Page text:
*Important Tip: Reduce the amount of liquids in your recipe somewhat. Yogurt provides moisture to the batter, which may cause it to become overly loose.

With this in mind, buttermilk also comes under this group. Since adding buttermilk to your batter will make it runny, you should reduce the amount of your other liquids significantly. The reaction of baking soda and buttermilk will mimic the actions of baking powder.

Make use of molasses.

Molasses is one of those mysteriously delicious foods that everyone should have on hand! Molasses is a thick syrup that is used as a sweetener in a variety of dishes. It is formed from the fluids of sugar that have been crushed and boiled down.

Molasses is amazing in any other way. It may be used in place of baking powder!

4 teaspoon of baking soda. 4 cups of molasses 1 1 teaspoon baking powder may be used in lieu of 1 teaspoon baking powder in a recipe.

When molasses is combined with baking soda, it produces a leavening response comparable to that of baking powder.

*Caution: Molasses is naturally highly sweet. If you use it as a replacement, lower the quantity of sugar in your dessert.

Make use of Cream of Tartar.

Cream of tartar is an excellent dry ingredient to use in place of baking powder! Cream of tartar, due to its acidic nature, functions as the acid required to combine with baking soda to form a leavening agent.

What causes the acidity of cream of tartar? Cream of tartar is acidic because it is a result of the fermentation of wine in barrels. Cream of tartar is tartaric acid, which produces carbon dioxide gas when combined with baking soda. In other words, it aids in the increase of your sweets!

Add 4 teaspoon baking soda to your batter. 2 teaspoon cream of tartar with 1 teaspoon To substitute one teaspoon of baking powder in a recipe, combine 1

Make use of lemon juice.

Lemons are one of the most popular pantry items that most of us keep on hand! It’s rather surprising that this item was so effective at substituting baking powder! Due of its very acidic nature, it is ideal for combining with baking soda and adding to your batter.

4 teaspoon baking soda to produce a reaction that will aid in the rising of your dessert! 2 teaspoon lemon juice, followed by 1 teaspoon Pour 1 teaspoon of baking powder in lieu of one teaspoon.

Make use of self-rising flour.

Sometimes, even if we run to the shop and look for baking powder, there isn’t any! Self-rising flour is one of my best-kept secrets for when I run out of baking powder.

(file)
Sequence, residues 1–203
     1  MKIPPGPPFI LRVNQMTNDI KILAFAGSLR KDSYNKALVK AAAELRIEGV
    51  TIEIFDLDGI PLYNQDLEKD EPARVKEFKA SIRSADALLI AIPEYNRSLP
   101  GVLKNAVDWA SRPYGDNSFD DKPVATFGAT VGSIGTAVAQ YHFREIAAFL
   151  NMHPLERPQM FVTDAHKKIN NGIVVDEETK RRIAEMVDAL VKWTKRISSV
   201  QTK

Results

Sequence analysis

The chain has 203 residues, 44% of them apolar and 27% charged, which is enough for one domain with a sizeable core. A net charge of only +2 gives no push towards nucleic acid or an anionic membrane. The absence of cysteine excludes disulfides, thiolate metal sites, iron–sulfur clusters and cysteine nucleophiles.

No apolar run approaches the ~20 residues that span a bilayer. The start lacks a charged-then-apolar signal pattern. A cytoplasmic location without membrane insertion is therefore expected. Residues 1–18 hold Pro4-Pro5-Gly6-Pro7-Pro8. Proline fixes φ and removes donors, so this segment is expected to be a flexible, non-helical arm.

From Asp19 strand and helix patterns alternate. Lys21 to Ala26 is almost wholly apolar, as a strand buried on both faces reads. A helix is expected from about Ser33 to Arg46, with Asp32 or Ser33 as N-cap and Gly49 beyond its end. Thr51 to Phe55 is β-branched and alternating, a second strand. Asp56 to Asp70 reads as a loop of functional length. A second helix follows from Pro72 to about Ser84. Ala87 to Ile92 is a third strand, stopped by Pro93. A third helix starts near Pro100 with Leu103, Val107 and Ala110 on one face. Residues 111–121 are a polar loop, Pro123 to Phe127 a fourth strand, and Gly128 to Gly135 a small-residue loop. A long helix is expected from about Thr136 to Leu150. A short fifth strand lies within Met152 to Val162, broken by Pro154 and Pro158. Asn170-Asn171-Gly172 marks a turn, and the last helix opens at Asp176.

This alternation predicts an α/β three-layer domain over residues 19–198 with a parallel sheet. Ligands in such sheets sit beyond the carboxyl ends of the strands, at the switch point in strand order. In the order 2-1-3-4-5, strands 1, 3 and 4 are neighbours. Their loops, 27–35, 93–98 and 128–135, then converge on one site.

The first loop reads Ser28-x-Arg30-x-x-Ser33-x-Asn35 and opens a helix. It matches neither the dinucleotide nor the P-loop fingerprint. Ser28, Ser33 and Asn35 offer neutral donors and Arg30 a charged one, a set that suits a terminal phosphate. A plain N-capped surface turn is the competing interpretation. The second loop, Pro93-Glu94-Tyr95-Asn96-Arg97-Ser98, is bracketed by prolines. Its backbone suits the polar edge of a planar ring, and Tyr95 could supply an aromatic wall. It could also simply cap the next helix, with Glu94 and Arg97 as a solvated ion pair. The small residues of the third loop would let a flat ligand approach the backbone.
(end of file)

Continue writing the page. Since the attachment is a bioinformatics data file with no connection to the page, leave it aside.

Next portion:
What exactly is self-rising flour? Self-rising flour is all-purpose flour that already contains leavening ingredients. These chemicals, which are mainly baking powder and salt, enable sweets to rise.

Self-rising flour is often used to provide a lot of air to baked items. The following baked foods need considerably more air than your usual cake:

  • Biscuits
  • Cupcakes
  • Pizza dough
  • Scones
  • Sponge Cakes

If you don’t have any baking powder and need it for a recipe, just replace all of the flour in the recipe with self-rising flour. This easy switch is quite effective and a perfect backup for any kitchen!

Make use of buttermilk.

Buttermilk is a beautiful ingredient that I love to use in both baking and cooking! I can’t image preparing fried chicken without a lovely buttermilk batter. Putting my favorite dishes aside, buttermilk is a fantastic ingredient that may be utilized as a perfect alternative for baking powder!

Buttermilk is fairly sour and serves as the acid required for the reaction with baking soda.

To have the same effect as baking powder, use 4 teaspoons baking soda. 2 cup buttermilk plus 1 1 teaspoon baking powder may be substituted for 1 teaspoon baking powder in your recipe.

*Important Tip: Since buttermilk is a liquid, reduce the quantity of liquid in your batter to keep it from getting runny.

What if you don’t use Baking Powder?

Baking powder is often used as a leavening agent. There is no reaction to give your sweets height if you do not use baking powder. To give cakes height, the acid and base components of baking powder react and form air bubbles.

Using this information, you may potentially attempt to bake a cake or other dish without using baking powder. But, and this is something I want to highlight, your cake will be flatter than the ground.

How did I find out? Because I am far from immune to forgetting stuff!

Is it possible to produce your own baking powder?

Make your own baking powder by combining two parts cream of tartar, one part baking soda, and one part cornstarch. This ratio enables you to produce your own baking powder, which is quite effective. Baking powder is easy to make and less acidic than store-bought.

We’ve all figured out what baking powder is by now. The reaction is a straightforward acid-base reaction. We’ve seen a lot of acidic substitutes for baking soda that may assist generate the similar impact that baking powder has on sweets.

Cream of tartar is a powder that may be used to make your own baking powder. Baking soda is the base required to aid in the reaction with the acid. Cornstarch is an important component in this recipe because it absorbs excess moisture in the homemade baking powder and extends its shelf life.

In conclusion

Baking does not have to be a stressful activity! I am a forgetful person who sometimes fails to notice that I have used up an ingredient and have yet to purchase it.

I’ve learnt over the years that baking doesn’t have to be stressful since there are so many options to replace items in your recipes!

Baking powder is one of those items that has several substitutes, and after spending time optimizing ratios and knowing the science behind it, you will never run out of baking powder again.